Pablo Larrain's 'Post Mortem' Takes Top Prize at Cartagena Film Fest


BUENOS AIRES -- Chilean director Pablo Larrain's second feature Post Mortem won the best film award in the Cartagena Film Festival's fiction category. The film tells a dark love story between a lonely morgue clerk and a burlesque dancer set against the backdrop of 1973 Chile, during the days of the military coup that overthrew President Allende.

In that same slate, Peruvian filmmakers Daniel and Diego Vega won the best director award for Octubre while Natalia Smirnoff''s Berlinale entry Puzzle, from Argentina, won for best script. The best actress choice went to Claudia Celedon for American-Chilean production Gatos Viejos; the best actor was Gabino Rodriguez for Iria Gomez Concheiro's Asalto al cine (Mexico).

The jury for the Official Fiction Competition was formed by producer and Sundance programmer Caroline Libresco, Screen International editor Mike Goodridge, and Mexican filmmaker Arturo Ripstein. Other non official awards for fiction films in competition included the Cinecolor Audience Award to Carlos Cesar Arbelaez's Los colores de la montana, the fest's opening night film.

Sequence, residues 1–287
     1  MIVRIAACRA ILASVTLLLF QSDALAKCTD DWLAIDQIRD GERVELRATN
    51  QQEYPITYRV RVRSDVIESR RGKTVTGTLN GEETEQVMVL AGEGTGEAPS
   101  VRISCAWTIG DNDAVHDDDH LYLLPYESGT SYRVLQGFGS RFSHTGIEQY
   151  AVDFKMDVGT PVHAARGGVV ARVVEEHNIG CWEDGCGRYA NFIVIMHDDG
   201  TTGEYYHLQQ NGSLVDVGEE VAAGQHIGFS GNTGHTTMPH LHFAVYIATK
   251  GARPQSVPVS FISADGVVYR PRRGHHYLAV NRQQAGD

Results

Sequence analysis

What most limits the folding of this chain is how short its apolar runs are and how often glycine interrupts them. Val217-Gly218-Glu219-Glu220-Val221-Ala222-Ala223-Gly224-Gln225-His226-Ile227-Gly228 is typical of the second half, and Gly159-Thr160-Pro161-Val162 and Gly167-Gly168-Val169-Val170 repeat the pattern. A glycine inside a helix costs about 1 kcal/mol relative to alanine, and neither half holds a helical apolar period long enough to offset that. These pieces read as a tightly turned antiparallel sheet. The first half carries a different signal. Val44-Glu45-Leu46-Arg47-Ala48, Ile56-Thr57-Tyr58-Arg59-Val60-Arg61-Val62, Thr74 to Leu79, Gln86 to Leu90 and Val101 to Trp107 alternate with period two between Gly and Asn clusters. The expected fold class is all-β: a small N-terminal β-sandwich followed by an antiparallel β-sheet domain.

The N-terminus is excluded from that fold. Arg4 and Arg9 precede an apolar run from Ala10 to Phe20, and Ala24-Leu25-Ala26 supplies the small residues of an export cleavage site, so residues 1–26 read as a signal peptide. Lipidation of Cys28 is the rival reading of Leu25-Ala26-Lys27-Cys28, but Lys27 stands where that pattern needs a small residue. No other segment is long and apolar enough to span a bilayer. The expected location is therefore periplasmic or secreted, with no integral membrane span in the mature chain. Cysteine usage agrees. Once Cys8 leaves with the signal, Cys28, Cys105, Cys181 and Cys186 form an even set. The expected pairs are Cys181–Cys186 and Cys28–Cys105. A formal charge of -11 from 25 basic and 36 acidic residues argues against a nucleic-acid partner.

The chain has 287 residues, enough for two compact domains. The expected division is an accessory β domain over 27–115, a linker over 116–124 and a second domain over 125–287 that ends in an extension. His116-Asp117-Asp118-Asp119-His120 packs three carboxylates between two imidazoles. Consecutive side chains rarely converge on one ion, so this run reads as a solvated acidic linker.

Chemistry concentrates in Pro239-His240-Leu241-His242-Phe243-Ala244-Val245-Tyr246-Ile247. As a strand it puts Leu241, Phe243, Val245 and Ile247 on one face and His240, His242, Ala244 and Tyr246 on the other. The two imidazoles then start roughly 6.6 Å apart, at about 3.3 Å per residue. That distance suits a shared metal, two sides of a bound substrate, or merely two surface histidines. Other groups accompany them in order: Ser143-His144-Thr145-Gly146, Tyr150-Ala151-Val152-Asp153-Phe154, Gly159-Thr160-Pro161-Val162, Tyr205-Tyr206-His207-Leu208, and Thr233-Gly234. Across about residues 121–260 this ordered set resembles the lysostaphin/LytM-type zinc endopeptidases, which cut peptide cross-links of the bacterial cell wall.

In the 100% Colombia section the winner was Ruben Mendoza's La sociedad del semaforo. The jury -- comprised of Geraldine Chaplin, Cuban author and screenwriter Senel Paz, and Fabio Zapata, a visual effects director at ILM Industrial Light & Magic and Sony Pictures Imageworks in California -- also awarded special prizes to Antonio Dorado's Apaporis, en busca del rio and Carlos Moreno's Todos tus muertos.

A small Latin American festival hit, Federico Veiroj's A Useful Life picked both the FIPRESCI award and the Colombian Film Critics' Special Mention. The Uruguayan indie film about a reclusive film historian who is forced to deal with the outside world after getting fired had recently won best picture award at the New Latin American Film Festival in Havana and best director for Veiroj in the last edition of the Valdivia Film fest in Chile.

In the documentary competition, the best film award went to Pequenas Voces, by Colombian filmmakers Jairo Carrillo and Oscar Andrade. Two special mentions were given to Chilean director Macarena Aguilo for El edificio de los Chilenos and Jesus Romero, a character in Alejandra Sanchez's Agnus Dei: Cordero de Dios, from Mexico.

The jury members in that category were Mexican producer Martha Sosa; Diego Ramirez, a local producer and founder of the Colombian Academy of Film Arts and Sciences; and Swedish producer and journalist Frederik Gertten.

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